Joe Rickman, Southwest district traffic engineer, Missouri Department of Transportation (MoDOT) explained the "HAWK" lights are a seven-interval signal.
"Interval one is actually as you are approaching it is dark, and like a standard street signal, if it's dark it's more like a railroad crossing, you just go through it," he
said interval two is the flashing yellow lights, which alerts drivers that the signal is getting ready to activate.
"You get about three or four seconds of advanced warning that you're going to have a stop condition coming up," he
"When the solid yellow displays, it's to be treated just like it would at any signal, slow down and get ready to stop, not speed up like some people like to do."
From solid yellow, Rickman
said the signal will then go to solid red.
"Solid red for the driver is just like it always is, they need to come to a complete stop and wait," he
"Once that solid red is up for about a second or two, the pedestrians will actually get the 'walk' phase for them to start walking."
said pedestrians are then given between seven and ten seconds to get going and be halfway or more across the street.
When the flashing reds stop illuminating, Rickman
said the signal goes back to blank, and it is back to normal operation for driving on the highway.
said the "don't walk" signal will have already displayed for the pedestrians and it is then standard scenario.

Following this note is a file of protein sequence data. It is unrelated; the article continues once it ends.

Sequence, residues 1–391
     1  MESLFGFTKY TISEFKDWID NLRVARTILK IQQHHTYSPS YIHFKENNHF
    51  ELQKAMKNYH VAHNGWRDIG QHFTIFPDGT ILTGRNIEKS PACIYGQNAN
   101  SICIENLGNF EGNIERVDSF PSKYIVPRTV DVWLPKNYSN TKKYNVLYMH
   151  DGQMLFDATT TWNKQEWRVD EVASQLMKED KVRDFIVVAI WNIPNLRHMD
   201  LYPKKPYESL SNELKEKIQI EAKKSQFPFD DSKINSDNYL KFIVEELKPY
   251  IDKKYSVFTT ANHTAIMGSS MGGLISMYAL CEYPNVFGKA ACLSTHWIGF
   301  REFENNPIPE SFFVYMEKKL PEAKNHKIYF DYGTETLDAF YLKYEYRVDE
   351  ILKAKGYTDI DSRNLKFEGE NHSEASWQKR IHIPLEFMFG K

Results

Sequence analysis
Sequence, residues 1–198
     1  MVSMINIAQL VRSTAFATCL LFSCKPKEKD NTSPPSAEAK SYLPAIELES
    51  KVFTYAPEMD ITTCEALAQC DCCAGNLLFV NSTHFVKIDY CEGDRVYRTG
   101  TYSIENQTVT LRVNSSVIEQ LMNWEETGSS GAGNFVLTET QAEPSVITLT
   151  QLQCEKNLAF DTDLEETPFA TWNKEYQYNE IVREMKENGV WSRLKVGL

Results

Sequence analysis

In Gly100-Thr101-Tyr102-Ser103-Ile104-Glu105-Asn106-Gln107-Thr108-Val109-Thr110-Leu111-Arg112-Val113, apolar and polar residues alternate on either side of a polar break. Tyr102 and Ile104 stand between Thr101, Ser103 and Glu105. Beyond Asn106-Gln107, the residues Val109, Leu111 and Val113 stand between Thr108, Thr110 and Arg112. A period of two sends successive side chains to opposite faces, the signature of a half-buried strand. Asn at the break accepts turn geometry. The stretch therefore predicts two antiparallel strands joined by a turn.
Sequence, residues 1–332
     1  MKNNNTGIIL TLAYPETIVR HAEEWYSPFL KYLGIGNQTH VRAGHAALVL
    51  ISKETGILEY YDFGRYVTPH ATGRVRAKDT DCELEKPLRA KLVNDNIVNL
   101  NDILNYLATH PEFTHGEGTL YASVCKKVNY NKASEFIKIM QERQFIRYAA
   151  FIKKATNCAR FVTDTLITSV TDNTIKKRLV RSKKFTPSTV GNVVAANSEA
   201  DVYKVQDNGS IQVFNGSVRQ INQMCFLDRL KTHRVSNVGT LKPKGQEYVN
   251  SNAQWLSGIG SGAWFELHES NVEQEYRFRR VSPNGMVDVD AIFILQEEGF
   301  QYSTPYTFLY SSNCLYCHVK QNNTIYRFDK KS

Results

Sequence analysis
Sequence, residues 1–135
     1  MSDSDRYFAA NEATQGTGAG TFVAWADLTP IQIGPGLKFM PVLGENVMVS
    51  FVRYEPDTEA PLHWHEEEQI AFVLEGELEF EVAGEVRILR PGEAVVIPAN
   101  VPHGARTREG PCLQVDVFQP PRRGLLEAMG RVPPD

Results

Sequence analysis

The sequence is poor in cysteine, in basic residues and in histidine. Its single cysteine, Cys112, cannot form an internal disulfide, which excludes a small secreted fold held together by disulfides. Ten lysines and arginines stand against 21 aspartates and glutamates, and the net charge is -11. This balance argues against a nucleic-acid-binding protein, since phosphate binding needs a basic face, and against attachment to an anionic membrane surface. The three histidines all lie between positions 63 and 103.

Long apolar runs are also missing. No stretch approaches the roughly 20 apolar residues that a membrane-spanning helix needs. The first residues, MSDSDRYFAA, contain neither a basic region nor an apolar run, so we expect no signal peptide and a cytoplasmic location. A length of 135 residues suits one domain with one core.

Importing the design from Europe, Rickman
instructed the first 'HAWK' light signal was installed in America in 2000 in Tucson, Ariz., and is now popular all over the country.
said studies have shown they are much safer than installing a traditional mid-block signal for pedestrians - for both drivers and for pedestrians.
"We've had really good luck with them nationally, and hopefully if we can eliminate some confusion here in Neosho
we will continue to have good luck there," he
"I know the school likes it, and the kids like it because the traffic actually stops for them now, and they weren't necessarily before because it was just a yellow flash before."
said state law remains clear: "If a pedestrian enters a street in a safe manner, you are to yield to them.
But I don't begin to know that a lot of drivers either know that or follow that rule, but that is the law."
is the location of the only "HAWK" light signal in Southwest Missouri, though the state is looking at putting others in several locations.
revealed that local leaders were the catalyst for getting it here.
"The school and the city contacted us to see about what we could do to improve the situation they had," he
"I think they were kind of interested in a more traditional signal, and we had seen this, had some conferences in-state and out-of-state, had looked at some research on it, and felt like this was a less expensive option that was at least as safe if not safer than the other option for the school."
Page 3 of 3 - After explaining the system to local school officials, Rickman
said everybody was on board to provide the new crosswalk for pedestrians.
reported it was activated on May 18, 2013.
reiterated the confusion seems to stem from motorists not understanding what the blinking red lights mean versus the solid red.
encourages motorists - and pedestrians - to view any of several YouTube videos that explain the "HAWK" system.
Find those at https://www.youtube.com/watch?v=23IFMa8rAq4; https://www.youtube.com/watch?feature=player_detailpage&v=S8An5x4hFjM; and